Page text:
As many as 20% of UK landlords have said they are planning to reduce the volume of properties they own in 2018, as the NLA warns tax and regulatory changes could damage the market.
The number of landlords who intend to sell property this year is at a 10-year high at 20%, according to research from the National Landlords Association (NLA). Although this still means the vast majority of buy-to-let investors are planning on maintaining or growing their portfolios, the increase could indicate a slight slowdown in the sector.
Recently, the government has imposed a number of measures targeting buy-to-let landlords, including the 3% stamp duty surcharge for second homes, the Section 24 change that limits mortgage interest relief on income tax, as well as plans for tougher action against rogue landlords and additional licensing requirements.
Richard Lambert, chief executive of the NLA, said: “The Government needs to look at the impact these policies will have on the PRS [private rented sector]. More and more people are relying on this sector for a home, so it is vital that landlords not only provide a high standard of accommodation, but are incentivised to do so by the prospects of a reasonable return on investment.”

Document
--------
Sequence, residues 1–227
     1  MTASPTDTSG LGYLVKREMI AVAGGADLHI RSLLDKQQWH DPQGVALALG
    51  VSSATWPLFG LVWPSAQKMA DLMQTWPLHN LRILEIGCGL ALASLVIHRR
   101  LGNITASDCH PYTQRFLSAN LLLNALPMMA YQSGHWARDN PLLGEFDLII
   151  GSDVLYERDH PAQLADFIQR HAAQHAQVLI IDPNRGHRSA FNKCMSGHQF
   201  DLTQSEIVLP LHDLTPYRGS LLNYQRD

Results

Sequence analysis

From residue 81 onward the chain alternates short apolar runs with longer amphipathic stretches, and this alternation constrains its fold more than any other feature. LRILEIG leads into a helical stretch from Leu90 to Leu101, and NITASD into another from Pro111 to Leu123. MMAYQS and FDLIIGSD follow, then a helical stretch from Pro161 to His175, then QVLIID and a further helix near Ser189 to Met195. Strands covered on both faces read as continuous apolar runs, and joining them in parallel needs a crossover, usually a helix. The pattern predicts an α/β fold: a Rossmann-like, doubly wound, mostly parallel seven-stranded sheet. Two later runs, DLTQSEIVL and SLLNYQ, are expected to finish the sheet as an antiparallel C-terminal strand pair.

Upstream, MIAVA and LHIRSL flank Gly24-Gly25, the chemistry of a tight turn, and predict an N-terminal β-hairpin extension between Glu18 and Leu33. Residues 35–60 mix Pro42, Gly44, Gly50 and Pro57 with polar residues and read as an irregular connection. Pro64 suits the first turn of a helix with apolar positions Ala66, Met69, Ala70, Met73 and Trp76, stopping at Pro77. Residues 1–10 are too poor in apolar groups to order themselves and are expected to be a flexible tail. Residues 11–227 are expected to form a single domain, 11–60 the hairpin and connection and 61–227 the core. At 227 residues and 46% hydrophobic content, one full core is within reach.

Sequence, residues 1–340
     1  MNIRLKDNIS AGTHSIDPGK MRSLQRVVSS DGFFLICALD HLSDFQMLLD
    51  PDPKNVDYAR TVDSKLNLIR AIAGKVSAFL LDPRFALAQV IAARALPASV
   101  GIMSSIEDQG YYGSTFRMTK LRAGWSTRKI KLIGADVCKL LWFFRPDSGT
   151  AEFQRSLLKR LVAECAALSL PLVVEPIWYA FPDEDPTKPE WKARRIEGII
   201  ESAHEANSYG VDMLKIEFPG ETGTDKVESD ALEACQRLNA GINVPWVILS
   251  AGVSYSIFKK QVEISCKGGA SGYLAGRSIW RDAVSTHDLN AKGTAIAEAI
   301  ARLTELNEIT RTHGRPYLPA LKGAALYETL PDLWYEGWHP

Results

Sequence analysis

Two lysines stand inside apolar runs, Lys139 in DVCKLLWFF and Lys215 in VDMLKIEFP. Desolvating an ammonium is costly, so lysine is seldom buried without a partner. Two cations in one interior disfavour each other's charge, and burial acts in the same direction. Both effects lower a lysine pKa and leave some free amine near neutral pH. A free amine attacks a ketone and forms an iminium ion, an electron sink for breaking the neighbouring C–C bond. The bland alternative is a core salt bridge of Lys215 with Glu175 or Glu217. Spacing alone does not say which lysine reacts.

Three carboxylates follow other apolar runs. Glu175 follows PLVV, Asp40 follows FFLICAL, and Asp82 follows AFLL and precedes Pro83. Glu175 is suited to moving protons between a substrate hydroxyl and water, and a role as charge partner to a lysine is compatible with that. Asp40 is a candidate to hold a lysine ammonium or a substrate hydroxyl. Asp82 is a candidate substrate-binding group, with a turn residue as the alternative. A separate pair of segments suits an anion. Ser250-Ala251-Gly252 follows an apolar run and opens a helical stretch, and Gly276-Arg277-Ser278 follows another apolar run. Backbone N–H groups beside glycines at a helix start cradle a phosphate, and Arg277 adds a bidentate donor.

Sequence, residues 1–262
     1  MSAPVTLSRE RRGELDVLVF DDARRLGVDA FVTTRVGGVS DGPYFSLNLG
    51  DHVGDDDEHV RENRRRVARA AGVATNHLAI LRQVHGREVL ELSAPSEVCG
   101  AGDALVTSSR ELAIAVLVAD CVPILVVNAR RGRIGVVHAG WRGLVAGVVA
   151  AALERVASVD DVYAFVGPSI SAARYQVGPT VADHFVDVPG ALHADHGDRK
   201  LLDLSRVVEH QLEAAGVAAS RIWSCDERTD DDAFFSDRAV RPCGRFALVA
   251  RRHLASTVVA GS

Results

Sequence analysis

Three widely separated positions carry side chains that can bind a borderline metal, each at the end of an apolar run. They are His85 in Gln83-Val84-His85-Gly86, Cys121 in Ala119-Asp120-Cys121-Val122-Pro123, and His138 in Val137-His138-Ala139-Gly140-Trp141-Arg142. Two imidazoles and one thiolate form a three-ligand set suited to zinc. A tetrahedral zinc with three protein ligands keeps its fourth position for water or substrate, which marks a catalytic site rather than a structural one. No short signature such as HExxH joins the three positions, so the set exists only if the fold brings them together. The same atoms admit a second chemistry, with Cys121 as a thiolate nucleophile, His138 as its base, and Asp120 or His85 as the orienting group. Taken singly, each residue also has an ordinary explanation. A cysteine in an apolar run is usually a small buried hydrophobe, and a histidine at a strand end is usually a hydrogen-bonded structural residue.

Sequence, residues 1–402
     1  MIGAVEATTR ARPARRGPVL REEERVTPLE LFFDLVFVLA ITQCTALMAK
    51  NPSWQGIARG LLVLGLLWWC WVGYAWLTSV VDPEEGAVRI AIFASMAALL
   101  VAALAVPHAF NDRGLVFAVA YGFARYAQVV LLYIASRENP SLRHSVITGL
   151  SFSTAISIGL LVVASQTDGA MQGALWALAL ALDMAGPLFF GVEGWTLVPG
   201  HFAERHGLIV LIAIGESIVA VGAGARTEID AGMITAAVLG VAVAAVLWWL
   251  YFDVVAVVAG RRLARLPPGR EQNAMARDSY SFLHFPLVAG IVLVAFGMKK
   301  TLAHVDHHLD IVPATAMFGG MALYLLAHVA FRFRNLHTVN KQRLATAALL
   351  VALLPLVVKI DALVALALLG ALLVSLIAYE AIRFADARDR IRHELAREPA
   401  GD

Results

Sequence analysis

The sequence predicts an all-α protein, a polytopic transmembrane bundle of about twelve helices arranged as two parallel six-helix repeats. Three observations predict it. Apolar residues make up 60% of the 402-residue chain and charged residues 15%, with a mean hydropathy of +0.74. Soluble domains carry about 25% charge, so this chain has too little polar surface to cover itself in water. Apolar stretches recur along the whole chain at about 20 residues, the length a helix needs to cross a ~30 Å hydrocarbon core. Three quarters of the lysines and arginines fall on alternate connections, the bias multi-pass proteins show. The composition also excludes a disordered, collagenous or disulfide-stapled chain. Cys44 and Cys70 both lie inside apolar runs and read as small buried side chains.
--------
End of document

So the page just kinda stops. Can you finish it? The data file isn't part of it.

Bypass the tax
With the majority of landlords still planning on continuing to maintain their existing portfolios, and others choosing to diversify and increase their portfolios in up and coming buy-to-let locations across the UK, such as in the north, the sector is proving resilient to the latest difficulties.
Landlords seeking to find ways around issues such as extra tax can run their portfolios through a limited company structure, and research from banking provider Kent Reliance has revealed that around 70% of new buy-to-let mortgage applications are now from limited companies as opposed to individuals. This enables landlords to continue to claim tax relief on mortgage interest, bypassing the Section 24 regulation.
John Eastgate, sales and marketing director at lender One Savings Bank, believes that this trend will rise as the tax relief is gradually phased out and more non-professional landlords begin to realise the full implications of the change.
He said: “The first moment of truth will come in January 2019 when they have to pay their tax bills to the end of April 2018. That’s when they will realise they have less of a tax offset on their rental income than they had before. It will get progressively more difficult for them.”